An alternative embodiment of a ratcheted mechanism 310 is illustrated in FIGS. 17 through 20. As illustrated, the ratcheting mechanism 310 is in the form of a puppy in keeping with the theme of the game 20. The ratcheting mechanism 310 includes a pawl housing 312, a counterweight housing 314, a yoke shaft 318, a yoke 320, a first pawl, and a second pawl. The pawl housing 312 preferably includes a rounded upper surface having an upwardly open arcuate slot 328 and is open in its bottom end. Extending through the arcuate slot 328 is the yoke shaft 318 that connects the counterweight housing 314 to the internal mechanism described below. The counterweight housing 314 preferably includes or is integral with a counterweight so that the counterweight housing 314 tends to pivot downwardly. The counterweight housing 314 is again in the form of a stylized puppy head with pivoting ears 188 and a nose or protrusion 192.
The yoke shaft 318 is preferably split near its lower end as illustrated in FIG. 20, into a first arm 330 and a second arm 332. The yoke shaft 318 is pivoted at the lower ends of its first arm 330 and its second arm 332 to the yoke 320 via a pivot 336 on each arm. Disposed slightly above the pivot 336 is a yoke arm stop which is disposed in an arcuate opening 340 in the yoke 320. In this manner, the yoke shaft 318 will normally be in the positions illustrated in FIGS. 17 and 19 and thus move to a different position by an external force such as the counterweight housing 314 engaging a fixed surface on the frame 22. The yoke 320 itself is split as illustrated in FIG. 20 and each half is pivotably connected to the pawl housing 312 on a single transverse rod 342. The yoke 320 includes an upper post 346 which laterally extends between the yoke halves. Extending between the post 346 and a transverse pawl housing bar 347 is a tension spring 348 that biases the yoke 320 so that the top of the yoke 320 tends toward the bottom of the pawl housing 312. Stops 350 fixed to the inside of the pawl housing 312 prevent the yoke 320 from extending beyond the positions illustrated in FIGS. 17 and 19. In this manner, with no external forces being applied to the ratcheted mechanism 310, the counterweight housing 314 and the yoke 320 will be in the positions illustrated in FIGS. 17 and 19. In these positions, the yoke 320 will engage one or the other of the first pawl 322 or the second pawl 324 to keep the engaged pawl up on the pawl housing 312.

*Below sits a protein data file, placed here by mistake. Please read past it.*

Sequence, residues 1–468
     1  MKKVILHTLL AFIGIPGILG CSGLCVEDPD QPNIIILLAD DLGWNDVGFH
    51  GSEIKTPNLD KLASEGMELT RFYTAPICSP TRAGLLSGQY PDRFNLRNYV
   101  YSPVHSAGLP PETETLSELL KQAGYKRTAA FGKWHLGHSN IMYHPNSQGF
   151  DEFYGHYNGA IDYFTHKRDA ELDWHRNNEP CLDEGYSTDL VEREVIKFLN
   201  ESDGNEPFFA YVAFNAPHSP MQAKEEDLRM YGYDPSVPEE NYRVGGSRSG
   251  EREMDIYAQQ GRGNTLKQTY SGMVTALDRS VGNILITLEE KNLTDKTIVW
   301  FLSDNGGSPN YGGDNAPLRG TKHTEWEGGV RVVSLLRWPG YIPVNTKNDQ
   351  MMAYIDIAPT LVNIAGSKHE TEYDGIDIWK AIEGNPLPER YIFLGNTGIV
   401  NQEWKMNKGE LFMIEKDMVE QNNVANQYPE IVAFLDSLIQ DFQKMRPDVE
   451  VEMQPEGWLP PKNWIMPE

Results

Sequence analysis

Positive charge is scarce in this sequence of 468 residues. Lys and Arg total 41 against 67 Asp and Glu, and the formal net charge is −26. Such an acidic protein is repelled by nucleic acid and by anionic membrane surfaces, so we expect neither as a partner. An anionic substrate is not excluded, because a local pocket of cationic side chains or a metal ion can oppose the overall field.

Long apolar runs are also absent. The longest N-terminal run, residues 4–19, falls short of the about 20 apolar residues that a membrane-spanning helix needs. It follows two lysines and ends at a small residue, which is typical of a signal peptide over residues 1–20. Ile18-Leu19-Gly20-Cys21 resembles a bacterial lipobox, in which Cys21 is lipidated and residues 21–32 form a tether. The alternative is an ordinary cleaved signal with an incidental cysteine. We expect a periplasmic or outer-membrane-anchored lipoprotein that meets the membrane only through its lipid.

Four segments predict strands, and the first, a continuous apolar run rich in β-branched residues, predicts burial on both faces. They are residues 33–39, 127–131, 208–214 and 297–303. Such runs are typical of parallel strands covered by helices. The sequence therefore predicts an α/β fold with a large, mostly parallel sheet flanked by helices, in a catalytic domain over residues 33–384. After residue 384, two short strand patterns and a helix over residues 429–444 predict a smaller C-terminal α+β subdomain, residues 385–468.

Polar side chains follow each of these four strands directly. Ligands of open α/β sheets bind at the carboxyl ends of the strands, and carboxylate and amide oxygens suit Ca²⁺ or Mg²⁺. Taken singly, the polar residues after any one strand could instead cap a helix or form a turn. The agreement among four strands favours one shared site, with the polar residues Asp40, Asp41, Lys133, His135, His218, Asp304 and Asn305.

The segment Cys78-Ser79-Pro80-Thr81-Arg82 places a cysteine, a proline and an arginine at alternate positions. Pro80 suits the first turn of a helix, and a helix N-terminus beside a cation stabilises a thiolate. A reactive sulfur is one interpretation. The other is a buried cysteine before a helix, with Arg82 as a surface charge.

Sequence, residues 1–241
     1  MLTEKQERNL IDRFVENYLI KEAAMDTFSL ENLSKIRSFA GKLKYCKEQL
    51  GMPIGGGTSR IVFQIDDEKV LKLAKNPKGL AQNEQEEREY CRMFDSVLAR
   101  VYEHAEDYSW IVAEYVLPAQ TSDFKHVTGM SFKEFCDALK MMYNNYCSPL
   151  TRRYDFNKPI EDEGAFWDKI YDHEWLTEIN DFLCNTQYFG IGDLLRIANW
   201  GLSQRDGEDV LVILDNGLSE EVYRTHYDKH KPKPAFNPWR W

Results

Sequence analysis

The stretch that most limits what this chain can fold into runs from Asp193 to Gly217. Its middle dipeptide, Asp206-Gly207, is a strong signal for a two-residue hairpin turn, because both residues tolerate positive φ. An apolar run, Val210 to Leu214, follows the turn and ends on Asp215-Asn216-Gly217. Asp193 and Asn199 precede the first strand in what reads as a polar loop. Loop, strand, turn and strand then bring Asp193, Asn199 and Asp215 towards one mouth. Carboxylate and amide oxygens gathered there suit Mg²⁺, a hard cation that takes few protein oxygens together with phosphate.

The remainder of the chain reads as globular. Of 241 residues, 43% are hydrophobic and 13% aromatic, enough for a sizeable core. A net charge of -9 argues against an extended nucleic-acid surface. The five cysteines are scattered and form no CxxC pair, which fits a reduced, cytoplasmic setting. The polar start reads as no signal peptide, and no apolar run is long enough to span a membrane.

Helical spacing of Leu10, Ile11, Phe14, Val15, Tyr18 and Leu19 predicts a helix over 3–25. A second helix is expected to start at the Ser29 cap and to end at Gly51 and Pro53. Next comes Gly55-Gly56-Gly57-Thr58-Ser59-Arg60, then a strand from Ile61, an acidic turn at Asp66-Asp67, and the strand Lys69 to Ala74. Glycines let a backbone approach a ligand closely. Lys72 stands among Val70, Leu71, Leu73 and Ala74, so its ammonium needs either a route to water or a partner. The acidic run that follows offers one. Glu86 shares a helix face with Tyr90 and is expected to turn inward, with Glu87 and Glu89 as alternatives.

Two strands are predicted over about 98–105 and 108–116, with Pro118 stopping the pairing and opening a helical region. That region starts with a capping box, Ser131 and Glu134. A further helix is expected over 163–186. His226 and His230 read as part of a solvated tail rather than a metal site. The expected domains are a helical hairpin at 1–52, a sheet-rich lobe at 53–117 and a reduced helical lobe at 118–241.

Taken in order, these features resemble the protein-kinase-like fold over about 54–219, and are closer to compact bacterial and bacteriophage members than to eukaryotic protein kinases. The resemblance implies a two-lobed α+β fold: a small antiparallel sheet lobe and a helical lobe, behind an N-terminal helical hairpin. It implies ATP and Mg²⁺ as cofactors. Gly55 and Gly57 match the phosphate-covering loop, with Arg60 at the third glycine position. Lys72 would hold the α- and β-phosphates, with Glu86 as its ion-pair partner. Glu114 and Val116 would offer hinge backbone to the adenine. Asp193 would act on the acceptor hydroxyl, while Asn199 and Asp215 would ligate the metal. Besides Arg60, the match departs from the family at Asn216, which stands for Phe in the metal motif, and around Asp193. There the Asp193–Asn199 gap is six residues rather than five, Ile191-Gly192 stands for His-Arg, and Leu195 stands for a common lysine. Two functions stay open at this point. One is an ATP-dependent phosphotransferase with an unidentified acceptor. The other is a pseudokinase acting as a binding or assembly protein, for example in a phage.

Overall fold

As illustrated in FIG. 17, the yoke 320 is bearing on a short end 354 of the first pawl 322 which rotates freely about a pivot point 358 to lift a long end 356 of the first pawl 322 up into the pawl housing 312. As illustrated in FIG. 19 the yoke 320 has been pivoted about pivot point 342 to an opposite position bearing on a short end 360 of the second pawl 324 to rotate the second pawl 324 around its pivot 364 and raise a long end 362 of the pawl 324 upward in the pawl housing 312.
When the yoke 320 is bearing on the short end 354 of the first pawl 322 the yoke 320 does not engage the second pawl 324. Conversely, when the yoke 320 is bearing on the short end 360 of the second pawl 324, the yoke 320 does not engage the first pawl 322. In this manner, the yoke 320 will engage one or the other pawl and be free from engagement of the remaining pawl so that the remaining pawl can extend downwardly out of the pawl housing 312 to engage the reciprocating ratchet track 130, as described above to propel the pawl housing 312 through the game 20 race tracks 30.
The mechanism 310 will change directions when it nears the end of the reciprocating ratchet track 130 where the counterweight housing 314 engages an upwardly curved surface (not illustrated) which forces the pawl housing 312 to pivot on the yoke shaft 318, as illustrated in FIG. 18. As the counterweight housing 314 pivots in the opposite direction, the yoke shaft 318 will pivot about pivot 336 until the yoke arm stop 338 engages the opposite end of the arcute opening 340, as illustrated in FIG. 18. From this point the pawl housing 312 will continue to pivot and act on the yoke 320 to pivot the yoke 320 about its pivot point 342. As the yoke 320 moves from the position illustrated in FIGS. 17 and 18 toward the position illustrated in FIG. 19, the yoke 320 will disengage the first pawl 322 and engage the second pawl 324 which in turn disengages the second pawl 324 from the ratchet track 130 and engages the first pawl 322 with the ratchet track 130 so that the pawl housing 312 will move in the opposite direction in response to the ratchet track 130 reciprocating.
Also illustrated in FIG. 20 is a portion of the frame 22 with a bottom plate 378 screwed thereto. A reciprocating ratchet track 380 is snapped into a slot in the bottom plate and maintained in the illustrated position by retainer 382 which permits reciprocating movement of the ratchet track 380, but maintains the ratchet track in close contact with the frame 22 and mechanism 310.
The foregoing detailed description of drawings is meant for clearness of understanding only, and no unnecessary limitations therefrom should be read into the following claims.
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|Jan 13, 1998||AS||Assignment|
Owner name: M DESIGN, A MASSACHUSETTS GENERAL PARTNERSHIP, MAS
Free format text: ASSIGNMENT OF ASSIGNORS INTEREST;ASSIGNORS:MCDONALD, GERALD A.;MAGERS, RONALD G.;REEL/FRAME:008925/0921
Effective date: 19970912
|Feb 20, 2002||FPAY||Fee payment|
Year of fee payment: 4
|Jul 19, 2006||REMI||Maintenance fee reminder mailed|
|Dec 29, 2006||LAPS||Lapse for failure to pay maintenance fees|
|Feb 27, 2007||FP||Expired due to failure to pay maintenance fee|
Effective date: 20061229